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1. Italian Diesel Jeans Billionaire Looks to Stitch Together Fashion Front: Building digital platforms will also be costly. Luca Solca, senior luxury goods analyst at Bernstein Research, said in a recent report that a lack of scale compared with international rivals has left Italian companies far behind in the digital transformation. – Read More on Bloomberg

2. RELATED READ: Amid a Flurry of Italian M&A, OTB’s Acquisition of Jil Sander Proves an Interesting Move. More broadly, the Jil Sander deal comes amid a flurry of activity in the Italian fashion segment, in particular, with fellow Italian group Moncler snapping up Stone Island for €1.15 billion in December, and Made in Italy Fund acquiring Milan-based fashion brand Dondup from fellow private equity firm L Catterton in March. – Read More on TFL

3. China Faces Tougher Rules on Its European Deals Spree: The European Union unveiled draft rules on Wednesday aimed at cracking down on state-subsidized foreign companies in Europe, a move that could allow regulators to pursue big Chinese companies in much the same way they have targeted U.S. multinationals such as Apple Inc. and Amazon.com Inc. – Read More on the WSJ

4. A leaked Walmart memo highlights the daunting challenges facing the world’s largest retailer: Among a competitor set that included Amazon, J.C. Penney, Target, and several other retailers, the document shows Walmart and Walmart.com sporting some of the lowest satisfaction shopper scores for quality and selection in the apparel category. Still, a company mission is to “establish Walmart as a credible apparel destination.” – Read More on Vox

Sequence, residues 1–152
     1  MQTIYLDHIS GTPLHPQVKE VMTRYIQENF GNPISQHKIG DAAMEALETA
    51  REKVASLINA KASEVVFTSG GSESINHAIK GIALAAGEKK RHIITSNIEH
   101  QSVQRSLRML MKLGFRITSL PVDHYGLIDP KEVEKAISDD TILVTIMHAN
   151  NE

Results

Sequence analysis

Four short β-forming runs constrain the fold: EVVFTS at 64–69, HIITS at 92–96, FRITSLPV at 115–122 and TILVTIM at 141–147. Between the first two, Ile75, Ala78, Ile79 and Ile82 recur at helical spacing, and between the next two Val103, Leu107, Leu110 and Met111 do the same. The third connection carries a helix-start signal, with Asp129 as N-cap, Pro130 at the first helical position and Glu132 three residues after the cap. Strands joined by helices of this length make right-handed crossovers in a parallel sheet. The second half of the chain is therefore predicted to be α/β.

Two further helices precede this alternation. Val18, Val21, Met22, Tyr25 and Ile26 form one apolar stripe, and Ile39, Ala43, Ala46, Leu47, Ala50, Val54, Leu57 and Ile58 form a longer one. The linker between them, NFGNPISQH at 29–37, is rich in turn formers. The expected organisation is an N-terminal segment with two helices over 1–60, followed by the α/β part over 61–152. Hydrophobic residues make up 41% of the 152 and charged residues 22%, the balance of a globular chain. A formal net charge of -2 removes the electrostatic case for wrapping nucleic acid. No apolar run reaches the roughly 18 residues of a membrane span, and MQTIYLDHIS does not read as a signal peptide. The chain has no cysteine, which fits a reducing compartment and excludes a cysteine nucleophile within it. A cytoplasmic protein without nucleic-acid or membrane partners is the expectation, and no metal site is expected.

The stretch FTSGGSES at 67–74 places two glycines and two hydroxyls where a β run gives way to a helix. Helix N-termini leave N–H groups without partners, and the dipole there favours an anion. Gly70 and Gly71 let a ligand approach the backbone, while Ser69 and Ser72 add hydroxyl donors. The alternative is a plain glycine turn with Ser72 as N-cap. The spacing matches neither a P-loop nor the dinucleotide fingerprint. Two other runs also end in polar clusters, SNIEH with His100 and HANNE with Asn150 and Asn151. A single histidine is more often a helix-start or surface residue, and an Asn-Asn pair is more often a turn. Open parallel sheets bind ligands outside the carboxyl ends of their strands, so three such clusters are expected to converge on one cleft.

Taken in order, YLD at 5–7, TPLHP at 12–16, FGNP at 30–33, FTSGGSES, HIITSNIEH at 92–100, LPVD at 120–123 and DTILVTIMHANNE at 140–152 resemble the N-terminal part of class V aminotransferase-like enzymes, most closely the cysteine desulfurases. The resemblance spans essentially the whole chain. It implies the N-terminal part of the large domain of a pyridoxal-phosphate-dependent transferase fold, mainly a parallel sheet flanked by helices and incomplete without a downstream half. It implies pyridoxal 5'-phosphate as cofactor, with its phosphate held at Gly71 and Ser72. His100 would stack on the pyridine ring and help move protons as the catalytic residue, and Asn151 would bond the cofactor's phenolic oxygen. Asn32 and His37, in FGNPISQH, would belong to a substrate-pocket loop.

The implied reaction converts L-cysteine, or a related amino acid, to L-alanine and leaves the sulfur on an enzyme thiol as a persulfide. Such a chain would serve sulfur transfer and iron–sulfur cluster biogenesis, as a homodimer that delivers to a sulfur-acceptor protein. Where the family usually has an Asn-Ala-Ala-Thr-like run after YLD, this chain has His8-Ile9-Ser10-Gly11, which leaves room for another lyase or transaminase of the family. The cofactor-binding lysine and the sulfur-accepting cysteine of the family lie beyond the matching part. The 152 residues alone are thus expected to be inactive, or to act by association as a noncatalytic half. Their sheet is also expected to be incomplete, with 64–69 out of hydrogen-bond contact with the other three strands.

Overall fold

5. The Evolution of Walmart & its Quest to Become an E-Commerce (and Fashion) Destination: Walmart is seemingly trying to make a name of its own in the online retail space, where new generations of consumers are already accustomed to looking for everything from food to footwear. In this way, Walmart is not merely looking to keep pace with Amazon, it is looking to stay in stride with digitally-connected consumers, all while endeavoring to amass a larger piece of the mainstream apparel market. – Read More on TFL

6. Adidas CEO Sees Sneakers and T-Shirts in Back-to-Office Fashion: Rorsted is predicting that the world’s back-to-the-office trend — however big it becomes — will only accelerate the acceptance of more casual clothing in the corporate world. That could sustain the boom in demand for sneakers and sports apparel that’s benefited Adidas and rivals including Nike Inc. and Puma SE over the past year. – Read More on Bloomberg